“Change is hard,” Becca said. “In order for me to coach what I know and to back up my philosophy, I have to do what I believe will work for my team. I trust and have faith in God that no matter what happens, I have enough confidence that I can handle it.”
The team that is coming back has gone through the growing pains the last two years, missing the playoffs both seasons. The team had a chance to make the playoffs but ended up barely missing out. The team needed to win games early in the season. Rebecca is hoping the team will shine in the Rio Rancho tournament this year and get off to a fast start. There will be high expectations with a lot of sophomores and juniors returning. As a coach, she believes that what will make the Lady Coyotes successful will be if the girls buy into the program and become a family. She hopes the girls will become a family away from their own family and have team unity.
Becca has a winning pedigree and knows what it’s like to win the Blue Trophy, as her volleyball team won it in 2006 under coach Bryan Masse. She said that on that team, everyone bought in and the little things mattered, none of the players cheated on drills. Whether it was running a lap all the way through or in sprints, each person was accountable to their teammates. Each player gave 100% during practice.
“These girls will never get these years back,” Becca said. “I want them to come out and be successful in life. This is more than catching the ball and more than softball. I want to be a mentor to these kids and loyal to them, and I want them to feel like they can confide in me.”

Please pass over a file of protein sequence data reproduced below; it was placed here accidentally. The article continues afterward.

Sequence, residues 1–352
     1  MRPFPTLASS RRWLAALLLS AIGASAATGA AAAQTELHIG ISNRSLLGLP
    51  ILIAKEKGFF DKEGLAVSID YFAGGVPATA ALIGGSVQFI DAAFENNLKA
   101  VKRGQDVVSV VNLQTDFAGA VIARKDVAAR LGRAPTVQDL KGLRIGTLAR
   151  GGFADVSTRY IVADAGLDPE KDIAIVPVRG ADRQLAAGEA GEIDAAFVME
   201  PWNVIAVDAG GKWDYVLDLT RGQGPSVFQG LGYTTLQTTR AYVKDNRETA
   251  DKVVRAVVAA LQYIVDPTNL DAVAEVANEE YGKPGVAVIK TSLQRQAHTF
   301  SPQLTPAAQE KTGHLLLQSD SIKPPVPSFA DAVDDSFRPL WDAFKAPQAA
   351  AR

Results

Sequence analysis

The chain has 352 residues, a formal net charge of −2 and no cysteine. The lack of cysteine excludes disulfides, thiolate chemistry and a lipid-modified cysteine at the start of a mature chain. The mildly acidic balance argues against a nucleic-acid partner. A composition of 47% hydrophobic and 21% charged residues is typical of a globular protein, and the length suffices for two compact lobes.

One of the things that Rebecca will emphasize with her team this season is she wants to do more skill work. She will do drills called dailies. Routine things she will expect the team to do and have down so that when game-time comes, it will be second nature. She would like her team to be flexible and be able to play multiple positions. She wants her players to work on strength positions and yet try other positions, in case things happen. Pitchers and catchers will be working. Outfielders will be hitting, and the team will be working on defense and infield drills every day. Coach will have the team working in groups while breaking down the fundamentals.
“God is the most important thing in my life,” Becca said. “God is first in my life. Without God, I would not have my family, job or the things I have in life. Without God, I wouldn’t have this opportunity. I put God first, and I know he will bless me.”